“They think we are we are against the PA, but we aren’t. We’re against corruption and we’re against the cyber law–just like all Palestinians–we’re against arresting and intimidating journalists,” he said. “We support freedom of speech, freedom of press, freedom of expression, and that’s what we express. At YAS, we don’t give real political positions because we are for unity, we’re not with or against Fatah, we’re with Palestine and against the occupation, that is our only goal.”
Abbas passed the “Electronic Crimes Law” in July via a President Decree. The law has taken heat from NGOs and humanitarian organizations across the world, including Amnesty International, which documented that the law is broad enough to be used against regular citizens posting on social media, who could come under fire for simply retweeting news or the posts of others.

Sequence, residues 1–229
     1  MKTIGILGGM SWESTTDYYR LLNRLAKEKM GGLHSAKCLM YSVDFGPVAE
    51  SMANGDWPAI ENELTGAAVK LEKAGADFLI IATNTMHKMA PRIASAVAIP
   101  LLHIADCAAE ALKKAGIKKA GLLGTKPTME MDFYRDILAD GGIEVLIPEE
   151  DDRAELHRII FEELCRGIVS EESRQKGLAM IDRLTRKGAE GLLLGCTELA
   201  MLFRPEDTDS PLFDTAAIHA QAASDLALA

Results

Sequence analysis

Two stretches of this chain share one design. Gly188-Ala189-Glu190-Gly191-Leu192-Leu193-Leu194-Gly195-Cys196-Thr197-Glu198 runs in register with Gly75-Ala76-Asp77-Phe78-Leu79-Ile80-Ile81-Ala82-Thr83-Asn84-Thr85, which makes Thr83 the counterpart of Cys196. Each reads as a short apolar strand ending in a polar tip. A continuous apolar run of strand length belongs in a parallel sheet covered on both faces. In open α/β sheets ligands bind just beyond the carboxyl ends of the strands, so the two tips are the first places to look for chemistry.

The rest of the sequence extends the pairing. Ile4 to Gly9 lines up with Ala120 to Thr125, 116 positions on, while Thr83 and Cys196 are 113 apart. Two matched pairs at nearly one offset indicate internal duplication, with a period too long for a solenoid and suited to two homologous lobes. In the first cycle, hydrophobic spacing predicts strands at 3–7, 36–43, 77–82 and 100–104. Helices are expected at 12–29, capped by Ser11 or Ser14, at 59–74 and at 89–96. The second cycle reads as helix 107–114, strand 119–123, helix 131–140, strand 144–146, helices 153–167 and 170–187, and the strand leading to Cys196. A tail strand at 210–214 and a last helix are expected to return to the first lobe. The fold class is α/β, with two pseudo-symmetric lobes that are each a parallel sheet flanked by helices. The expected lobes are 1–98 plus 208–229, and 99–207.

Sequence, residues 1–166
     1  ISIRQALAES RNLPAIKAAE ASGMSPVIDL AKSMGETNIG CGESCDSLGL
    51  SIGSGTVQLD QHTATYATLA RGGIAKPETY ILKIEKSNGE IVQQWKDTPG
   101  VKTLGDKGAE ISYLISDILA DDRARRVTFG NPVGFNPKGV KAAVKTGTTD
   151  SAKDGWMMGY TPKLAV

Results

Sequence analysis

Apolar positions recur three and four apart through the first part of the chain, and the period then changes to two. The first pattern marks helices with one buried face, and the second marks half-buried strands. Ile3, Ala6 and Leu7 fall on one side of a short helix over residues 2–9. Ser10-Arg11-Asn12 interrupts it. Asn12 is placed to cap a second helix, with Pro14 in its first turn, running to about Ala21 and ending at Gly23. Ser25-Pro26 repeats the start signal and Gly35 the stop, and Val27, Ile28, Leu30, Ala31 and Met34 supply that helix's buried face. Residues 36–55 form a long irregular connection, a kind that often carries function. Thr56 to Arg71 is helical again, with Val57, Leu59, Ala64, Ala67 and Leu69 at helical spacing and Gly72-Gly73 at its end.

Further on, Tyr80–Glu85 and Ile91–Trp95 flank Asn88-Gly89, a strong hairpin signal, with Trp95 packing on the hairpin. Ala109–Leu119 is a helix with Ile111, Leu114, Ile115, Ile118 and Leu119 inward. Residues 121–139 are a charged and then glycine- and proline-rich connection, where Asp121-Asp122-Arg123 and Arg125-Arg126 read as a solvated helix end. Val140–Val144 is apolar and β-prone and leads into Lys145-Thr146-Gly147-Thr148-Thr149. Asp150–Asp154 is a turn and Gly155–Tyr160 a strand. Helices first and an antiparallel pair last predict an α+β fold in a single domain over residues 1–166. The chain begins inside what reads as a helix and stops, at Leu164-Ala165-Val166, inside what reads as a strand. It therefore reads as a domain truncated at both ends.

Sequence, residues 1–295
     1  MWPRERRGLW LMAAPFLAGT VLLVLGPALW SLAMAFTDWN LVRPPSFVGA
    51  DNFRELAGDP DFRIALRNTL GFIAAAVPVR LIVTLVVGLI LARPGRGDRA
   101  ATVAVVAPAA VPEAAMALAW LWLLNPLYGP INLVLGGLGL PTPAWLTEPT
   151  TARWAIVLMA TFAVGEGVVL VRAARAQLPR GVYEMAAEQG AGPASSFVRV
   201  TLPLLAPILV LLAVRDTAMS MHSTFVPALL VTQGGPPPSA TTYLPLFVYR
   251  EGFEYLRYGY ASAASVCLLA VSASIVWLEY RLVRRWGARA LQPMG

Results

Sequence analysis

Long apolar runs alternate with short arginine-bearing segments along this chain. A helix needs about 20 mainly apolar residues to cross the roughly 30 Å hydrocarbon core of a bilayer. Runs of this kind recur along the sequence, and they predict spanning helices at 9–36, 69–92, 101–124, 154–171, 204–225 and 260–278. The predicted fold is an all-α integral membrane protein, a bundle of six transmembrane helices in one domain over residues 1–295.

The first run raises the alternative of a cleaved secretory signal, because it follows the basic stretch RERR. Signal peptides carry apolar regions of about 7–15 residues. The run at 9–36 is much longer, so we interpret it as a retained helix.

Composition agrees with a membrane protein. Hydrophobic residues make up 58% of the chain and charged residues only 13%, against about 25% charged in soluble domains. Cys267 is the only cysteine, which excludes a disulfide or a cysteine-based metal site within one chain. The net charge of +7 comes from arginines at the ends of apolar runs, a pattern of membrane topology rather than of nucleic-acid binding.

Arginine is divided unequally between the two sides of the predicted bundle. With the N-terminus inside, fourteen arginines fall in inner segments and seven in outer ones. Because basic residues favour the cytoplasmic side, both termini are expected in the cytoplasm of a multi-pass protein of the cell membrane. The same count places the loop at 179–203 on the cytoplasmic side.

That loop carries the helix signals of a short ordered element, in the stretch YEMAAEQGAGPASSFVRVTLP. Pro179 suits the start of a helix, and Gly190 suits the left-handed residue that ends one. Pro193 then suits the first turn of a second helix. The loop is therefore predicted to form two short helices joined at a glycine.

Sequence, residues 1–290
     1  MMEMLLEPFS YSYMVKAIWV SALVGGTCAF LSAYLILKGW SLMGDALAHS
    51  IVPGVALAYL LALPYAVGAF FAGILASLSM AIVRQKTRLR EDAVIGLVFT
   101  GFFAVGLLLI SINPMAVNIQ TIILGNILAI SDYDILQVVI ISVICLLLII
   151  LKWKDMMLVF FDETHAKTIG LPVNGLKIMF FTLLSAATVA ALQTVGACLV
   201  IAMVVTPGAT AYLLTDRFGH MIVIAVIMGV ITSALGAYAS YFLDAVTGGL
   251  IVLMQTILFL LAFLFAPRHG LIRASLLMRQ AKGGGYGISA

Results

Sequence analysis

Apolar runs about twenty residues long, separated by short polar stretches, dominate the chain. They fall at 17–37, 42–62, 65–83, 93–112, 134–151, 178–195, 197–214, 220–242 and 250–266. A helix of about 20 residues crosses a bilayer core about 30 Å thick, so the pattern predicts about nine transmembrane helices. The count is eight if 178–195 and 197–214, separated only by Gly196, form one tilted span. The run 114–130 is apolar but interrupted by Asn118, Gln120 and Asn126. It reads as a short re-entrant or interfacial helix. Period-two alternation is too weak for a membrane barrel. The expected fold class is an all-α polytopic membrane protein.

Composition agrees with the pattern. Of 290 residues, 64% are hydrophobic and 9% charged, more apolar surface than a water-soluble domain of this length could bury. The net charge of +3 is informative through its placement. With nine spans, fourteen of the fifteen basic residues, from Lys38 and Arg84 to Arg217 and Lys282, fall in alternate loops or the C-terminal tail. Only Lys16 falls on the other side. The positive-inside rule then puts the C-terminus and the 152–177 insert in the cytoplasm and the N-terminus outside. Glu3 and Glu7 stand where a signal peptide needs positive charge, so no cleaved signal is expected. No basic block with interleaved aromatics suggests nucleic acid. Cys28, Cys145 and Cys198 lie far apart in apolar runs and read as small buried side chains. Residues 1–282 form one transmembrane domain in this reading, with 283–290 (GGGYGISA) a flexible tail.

Under the new law, anyone charged with breaking the legislation by posting something which could be deemed a disturbance to “public order,” “national unity” or “social peace” could be sentenced to imprisonment and up to 15 years hard labor, according to Amnesty International.
Amro said the law is a perfect example of the PA grasping for options amid an increasingly unpopular administration.
“During my questioning, they told me to look how many attacks the PA was getting from the people, and asked how else they were supposed to stop them if not through a law like this,” he said. “I told them you shouldn’t stop them, let people have their opinion, and they should try to behave better, and then whatever people say it is up to them, give people space to share their ideas and learn from them.”
In July at least ten journalists were summoned by the PA for interrogation, while in August at least six journalists were detained. In addition, the PA has closed down or blocked access to at least 29 websites, most of which are the websites of news publications affiliated with Fatah rivals.